Still upset about his team missing on what he feels was a late penalty in Tuesday's A-League loss to Melbourne City, Sydney FC coach Steve Corica believes it's time football clarified the game's handball law.
Corica thought his team had been denied a clear penalty late in the 3-2 loss to City at AAMI Park as the Sky Blues pressed for a late equaliser.
The non-call came after a controversial evening in Adelaide last Friday where the Reds claimed a 3-2 win over Central Coast with all of their goals coming from penalties.
After Adelaide's win, Australian Professional Leagues commissioner Greg O'Rourke said at least two of the penalty decisions were incorrect, crucially though not the one given against Mariner Kye Rowles for handball.
Corica said he wasn't upset at VAR or the referees but argued the lack of certainty about what is and what isn't a handball is more to blame.
The International Football Association Board (IFAB), who determine the laws of football globally, introduced several sub-rules to the handball law last season, including if a ball strikes a player who has made their body "unnaturally bigger".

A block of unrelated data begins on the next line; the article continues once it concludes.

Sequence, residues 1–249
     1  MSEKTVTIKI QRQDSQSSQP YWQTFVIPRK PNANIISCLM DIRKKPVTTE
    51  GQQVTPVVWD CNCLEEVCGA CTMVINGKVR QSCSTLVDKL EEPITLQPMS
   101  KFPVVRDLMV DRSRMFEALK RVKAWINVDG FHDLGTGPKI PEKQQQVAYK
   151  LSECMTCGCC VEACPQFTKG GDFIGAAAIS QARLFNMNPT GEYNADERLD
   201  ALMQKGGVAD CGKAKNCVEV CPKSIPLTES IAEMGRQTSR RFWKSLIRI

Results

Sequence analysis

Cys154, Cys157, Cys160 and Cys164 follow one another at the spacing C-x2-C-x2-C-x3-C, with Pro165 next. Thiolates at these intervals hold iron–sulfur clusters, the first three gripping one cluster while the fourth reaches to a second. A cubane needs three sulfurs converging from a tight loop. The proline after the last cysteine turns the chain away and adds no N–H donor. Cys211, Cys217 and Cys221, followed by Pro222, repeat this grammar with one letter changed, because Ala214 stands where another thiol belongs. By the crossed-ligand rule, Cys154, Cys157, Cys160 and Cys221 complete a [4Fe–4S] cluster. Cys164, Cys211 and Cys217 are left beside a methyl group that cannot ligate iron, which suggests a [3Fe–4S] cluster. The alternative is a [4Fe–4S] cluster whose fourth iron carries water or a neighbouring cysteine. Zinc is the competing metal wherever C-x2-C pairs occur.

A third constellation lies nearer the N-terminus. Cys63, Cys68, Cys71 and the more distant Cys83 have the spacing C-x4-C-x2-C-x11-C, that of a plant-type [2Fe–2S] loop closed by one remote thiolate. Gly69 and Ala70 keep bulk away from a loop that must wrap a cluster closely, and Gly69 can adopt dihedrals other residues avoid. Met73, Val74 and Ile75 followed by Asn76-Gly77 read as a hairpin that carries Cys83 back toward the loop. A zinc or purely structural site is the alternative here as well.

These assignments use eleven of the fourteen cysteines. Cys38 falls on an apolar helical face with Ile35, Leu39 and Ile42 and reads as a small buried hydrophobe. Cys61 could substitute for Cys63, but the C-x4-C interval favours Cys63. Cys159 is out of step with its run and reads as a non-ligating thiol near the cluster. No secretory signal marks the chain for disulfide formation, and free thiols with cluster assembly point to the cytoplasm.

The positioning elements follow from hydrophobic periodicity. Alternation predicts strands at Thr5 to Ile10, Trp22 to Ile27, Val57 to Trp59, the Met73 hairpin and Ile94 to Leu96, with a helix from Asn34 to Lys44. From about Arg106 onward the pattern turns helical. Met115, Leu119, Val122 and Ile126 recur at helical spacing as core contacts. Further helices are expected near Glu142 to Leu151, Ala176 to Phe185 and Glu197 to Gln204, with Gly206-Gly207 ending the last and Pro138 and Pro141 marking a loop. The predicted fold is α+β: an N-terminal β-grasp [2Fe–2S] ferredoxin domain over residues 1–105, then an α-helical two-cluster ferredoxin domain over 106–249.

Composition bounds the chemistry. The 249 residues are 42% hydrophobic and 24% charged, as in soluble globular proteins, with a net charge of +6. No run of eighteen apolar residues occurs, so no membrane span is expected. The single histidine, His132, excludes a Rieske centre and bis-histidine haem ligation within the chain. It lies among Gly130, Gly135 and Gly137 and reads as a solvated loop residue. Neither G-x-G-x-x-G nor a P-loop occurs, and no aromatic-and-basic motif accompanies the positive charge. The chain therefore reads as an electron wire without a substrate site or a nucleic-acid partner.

Under that determination, IFAB argues an arm above shoulder height is rarely, if ever, in a "natural" position and should be punished as handball with the sole exception being when a player is falling to the ground.
"If your hand's up like that, it's handball," Corica said.
"Probably a little bit inconsistent with the ruling and that needs to change, I think. Balls are hitting hands and we don't know if it's handball or not.
"Obviously we've got VAR to make the right decisions, it might just be the rule itself that needs to change."
Despite the non-penalty decision, Corica says his team didn't deserve a point against City after a poor first half and will have to get better for Sunday's derby against Macarthur FC.
"This game on Sunday's a different style of football and we've got to make sure that we're ready for this game."
Australian Associated Press